Shade Of Sorrow – Upon The Fields Of Grief

4 min read

Band: Shade of Sorrow
Title: Upon the Fields of Grief
Country: Finland
Label: M-Theory Audio
Release date:  June  28th,  2024
Format reviewed: High-Quality Digital Recording 

When I first heard of Shade of Sorrow, it was because I saw a fellow Metalhead on Instagram talking about their music… and well, I’m always curious and avid about new music, you know. I’m more than glad that I checked this one, it’s been a while since I didn’t listen to Finnish Melodic Death Metal and let me tell you, this album is very very good.

It was later when I was searching for information about the band, that I saw there’s only one man doing everything: Mika Kankainen. He plays all the instruments and does the vocals, so you can imagine what a monstrous work it is for a sole person… and he does everything so well! I always say that some people are born with a special gift. In this case, Mika was born  with the ability to play/perform music and all instruments with a high level of skill.

You’ll notice there’s a lot of “typical Finnish” sound in these songs. I mean, if you are familiar with bands like Wolfheart, Insomnium… you’ll catch what I mean. There are certain Finnish Melodic Death Metal bands sharing some musical characteristics. It’s not that they all sound the same, of course not;  it’s something inherent to Finnish melodeath: specially, the catchy choruses with clean vocals, the use of piano in a very melancholic way, some simple notes here and there; and a kind of dark feel despite the good vibes that their music can deliver. I’m sure that Finnish weather must have something to do with the final sound in many bands, with so much cold and darkness around, the artists are affected by it… 

“Upon the Fields of Grief” starts with “No Return” and this is a 5 minute top notch opener, with all the elements you can expect to find in an album like this: starting with a clean guitar melody, accompanied with a consistent drumming, and when vocals start they are of a moderate raspiness kind, not extra harsh, and totally understandable. There’s a catchy chorus in the song, using both harsh vocals and clean together, same as in other parts in this album, and this sounds really enjoyable. A few synth notes thrown here and there feed the melancholic mood, the harmonies are beautiful and neat, … and, despite all these lovely elements, I have the feeling of a walk on crackling ice while listening to this song. I mean, the beauty is real, but also the feeling of fragility, the icy injection of despair running through my veins… And I love it! The power of Finnish dark poetry, or however you want to call it…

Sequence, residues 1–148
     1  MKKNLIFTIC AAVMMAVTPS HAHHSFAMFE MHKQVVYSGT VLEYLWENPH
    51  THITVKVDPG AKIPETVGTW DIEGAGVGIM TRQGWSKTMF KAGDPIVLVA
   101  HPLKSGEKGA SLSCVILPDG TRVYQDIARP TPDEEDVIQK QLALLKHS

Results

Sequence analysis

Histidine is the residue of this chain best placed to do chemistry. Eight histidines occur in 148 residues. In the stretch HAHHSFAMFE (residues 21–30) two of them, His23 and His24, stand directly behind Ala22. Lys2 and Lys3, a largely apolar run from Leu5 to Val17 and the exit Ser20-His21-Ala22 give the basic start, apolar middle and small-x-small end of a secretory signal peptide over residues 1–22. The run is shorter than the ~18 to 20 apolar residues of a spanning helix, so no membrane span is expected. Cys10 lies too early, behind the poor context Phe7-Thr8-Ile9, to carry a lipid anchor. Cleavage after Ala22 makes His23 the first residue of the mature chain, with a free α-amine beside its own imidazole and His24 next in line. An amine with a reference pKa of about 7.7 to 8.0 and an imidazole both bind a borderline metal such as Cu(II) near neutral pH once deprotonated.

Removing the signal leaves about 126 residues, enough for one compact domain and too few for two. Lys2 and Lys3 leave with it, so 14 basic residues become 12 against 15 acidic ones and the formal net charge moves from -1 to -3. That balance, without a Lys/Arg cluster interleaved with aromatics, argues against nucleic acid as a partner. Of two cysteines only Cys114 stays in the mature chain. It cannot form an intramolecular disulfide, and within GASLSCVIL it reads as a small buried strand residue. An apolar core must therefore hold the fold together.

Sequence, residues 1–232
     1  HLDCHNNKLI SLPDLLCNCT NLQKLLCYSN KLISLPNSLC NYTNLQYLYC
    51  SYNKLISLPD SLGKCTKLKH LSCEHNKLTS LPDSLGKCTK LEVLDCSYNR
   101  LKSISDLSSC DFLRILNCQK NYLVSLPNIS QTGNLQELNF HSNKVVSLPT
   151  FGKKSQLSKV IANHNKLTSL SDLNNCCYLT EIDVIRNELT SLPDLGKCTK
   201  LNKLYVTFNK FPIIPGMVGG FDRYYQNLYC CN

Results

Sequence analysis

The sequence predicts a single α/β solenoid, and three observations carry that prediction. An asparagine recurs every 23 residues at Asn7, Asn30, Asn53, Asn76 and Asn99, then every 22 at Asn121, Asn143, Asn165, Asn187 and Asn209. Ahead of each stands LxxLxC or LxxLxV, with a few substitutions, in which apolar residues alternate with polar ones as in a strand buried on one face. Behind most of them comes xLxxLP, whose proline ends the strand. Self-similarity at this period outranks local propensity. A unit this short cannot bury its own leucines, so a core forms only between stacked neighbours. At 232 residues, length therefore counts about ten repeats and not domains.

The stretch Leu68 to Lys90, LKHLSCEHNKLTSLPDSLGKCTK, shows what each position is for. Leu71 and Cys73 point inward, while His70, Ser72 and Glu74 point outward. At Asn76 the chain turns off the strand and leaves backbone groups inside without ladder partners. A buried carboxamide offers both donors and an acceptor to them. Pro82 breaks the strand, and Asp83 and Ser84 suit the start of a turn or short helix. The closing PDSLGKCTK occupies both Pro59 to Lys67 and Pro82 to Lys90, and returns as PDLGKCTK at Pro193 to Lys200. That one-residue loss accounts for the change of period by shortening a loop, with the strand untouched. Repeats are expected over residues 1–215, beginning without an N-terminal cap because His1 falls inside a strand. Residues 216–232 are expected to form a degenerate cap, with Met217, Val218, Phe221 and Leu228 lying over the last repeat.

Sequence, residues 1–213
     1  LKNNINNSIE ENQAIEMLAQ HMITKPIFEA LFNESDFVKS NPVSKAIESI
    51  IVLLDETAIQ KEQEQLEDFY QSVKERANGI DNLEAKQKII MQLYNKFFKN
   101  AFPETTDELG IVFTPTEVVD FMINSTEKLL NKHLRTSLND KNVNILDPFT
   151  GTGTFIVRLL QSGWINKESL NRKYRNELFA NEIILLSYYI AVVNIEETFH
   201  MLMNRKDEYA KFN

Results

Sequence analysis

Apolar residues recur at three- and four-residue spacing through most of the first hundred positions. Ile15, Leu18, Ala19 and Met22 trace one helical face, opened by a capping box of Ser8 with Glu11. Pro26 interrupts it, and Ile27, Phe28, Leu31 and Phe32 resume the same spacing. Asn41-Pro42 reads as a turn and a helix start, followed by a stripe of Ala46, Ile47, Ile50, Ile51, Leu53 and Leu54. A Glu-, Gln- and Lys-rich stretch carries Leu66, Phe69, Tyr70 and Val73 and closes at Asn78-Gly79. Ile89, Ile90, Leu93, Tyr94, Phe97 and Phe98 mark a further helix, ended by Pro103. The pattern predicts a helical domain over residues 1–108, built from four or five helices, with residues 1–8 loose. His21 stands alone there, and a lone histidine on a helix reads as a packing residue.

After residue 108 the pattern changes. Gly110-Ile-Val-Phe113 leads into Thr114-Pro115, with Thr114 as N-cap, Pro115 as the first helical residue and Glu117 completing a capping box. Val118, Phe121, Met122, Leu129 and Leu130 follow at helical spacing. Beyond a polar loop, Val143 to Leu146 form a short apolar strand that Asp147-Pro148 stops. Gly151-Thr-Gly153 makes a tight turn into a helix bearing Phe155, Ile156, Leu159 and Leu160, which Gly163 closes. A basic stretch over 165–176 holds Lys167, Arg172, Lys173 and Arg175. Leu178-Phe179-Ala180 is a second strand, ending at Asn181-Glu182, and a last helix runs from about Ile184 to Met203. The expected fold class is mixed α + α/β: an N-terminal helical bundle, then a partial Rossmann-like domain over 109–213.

Ahh let me warn you about the second track, “Blackheart”: this is the single I first listened to by Shade of Sorrow, the song that made me dig more into the band’s music, and finally pick this album for a review. It’s a powerful song, it builds a very consistent structure right from the soft start, and all through this track the guitar work is brilliant, very melodic. 

The addition of some cinematic effects in “Blame” turns this song into something delicate, special. Besides, the short piano section adds the perfect dose of sorrow and melancholy to the music. I love when a sole song can reach my emotional side, and this one can do that. But, beware!, after the calm comes the storm… and the second half of “Blame” is way more dynamic, something savage has been unleashed. And well, followed by “Fabricated Hope”, the powerful trip goes on. Starting with relentless drums to awake some dead, maintaining the high energy level as the song progresses, and with a great turn into the deepest Finnish melancholy by the half of the song. Awesome harsh vocals, damn beautiful clean voice, majestic instrumentation… How can Mika do ALL this here?? 

I love the way Mika can switch so easily from soothing and melodic tunes to a relentless sonic attack, or in the reverse. And I also love how he can unleash all his fury in “Fields of Grief”, a song with an ultra soft start that very soon turns into one of the most violent storms of the Nordic seas. Or a lethal viking raid. The word that comes to my mind is “devastating”.

There’s a lot of melancholy running free in these 10 songs (I think I’ve said it before), this is a feeling that surrounds you almost completely. Of course there are sections where it’s increased, and some others where it is more subtle. But well, it seems that mr. Kankainen knows very well that emotion, and all its different shades. He does a fantastic work with his debut album. It’s a 9/10 for me   Sílvia

 

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9/10 Epic Storm
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